Insolvency bill will not see big number of bankruptcies

The Personal Insolvency Bill will not lead to a large number of bankruptcies, according to international ratings agency Fitch.

Fitch has talked to Irish banks on the impact the legislation will have on their mortgage portfolios and the agency believes the insolvency bill will not be a short cut allowing people in negative equity and arrears to walk away from their debts.

“Personal insolvency arrangements would not be an appropriate solution until existing forbearance measures which banks currently employ are exhausted. For this reason and also due to the ability for banks to vote against proposed personal insolvency arrangements if they view them to be an inappropriate solution, Fitch does not expect a wide-scale take-up of personal insolvency arrangements for delinquent borrowers,” the rating agency said.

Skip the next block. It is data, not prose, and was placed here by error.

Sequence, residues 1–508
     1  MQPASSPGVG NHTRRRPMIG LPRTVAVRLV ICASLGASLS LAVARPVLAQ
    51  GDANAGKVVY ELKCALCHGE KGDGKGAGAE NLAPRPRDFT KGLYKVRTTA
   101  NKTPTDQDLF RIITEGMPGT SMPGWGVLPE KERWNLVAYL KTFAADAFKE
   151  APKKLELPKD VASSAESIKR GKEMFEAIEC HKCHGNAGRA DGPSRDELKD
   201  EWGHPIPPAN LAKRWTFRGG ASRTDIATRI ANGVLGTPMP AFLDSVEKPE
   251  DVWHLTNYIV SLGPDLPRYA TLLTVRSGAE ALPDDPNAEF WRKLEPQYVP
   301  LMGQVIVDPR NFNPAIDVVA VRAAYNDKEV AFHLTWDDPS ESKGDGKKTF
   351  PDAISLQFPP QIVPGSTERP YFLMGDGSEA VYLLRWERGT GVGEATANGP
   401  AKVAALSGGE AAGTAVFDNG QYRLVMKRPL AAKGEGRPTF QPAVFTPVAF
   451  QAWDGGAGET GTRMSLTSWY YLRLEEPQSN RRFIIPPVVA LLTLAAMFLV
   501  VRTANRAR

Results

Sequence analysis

Fitch said the new legislation does not offer an easy way out for borrowers.

“A personal insolvency arrangement application is only open to distressed borrowers who can demonstrate that they are insolvent and that their position is unlikely to improve over the next five years.

“The personal insolvency arrangement will be monitored and borrowers must periodically provide updated financial statements and abide by the terms of the personal insolvency arrangements . If a borrower was to fail in their personal insolvency arrangement commitment, then the personal insolvency arrangement could be terminated, leaving the borrower liable for all debts covered under the arrangement,” said Fitch.

Despite the stringent nature of the Irish insolvency legislation, Fitch said there is always a danger some borrowers will attempt to withhold mortgage payments, in the hope of achieving partial debt forgiveness.

Fitch said that no matter how stringent the law, how it is applied by banks and insolvency practitioners will be key.

“Uncertainty remains on how personal insolvency practitioners and lenders would agree on the value of the property securing the mortgage debt and how mortgage affordability is assessed. The rigour of these assessments will be key to deterring moral hazard,” said Fitch.


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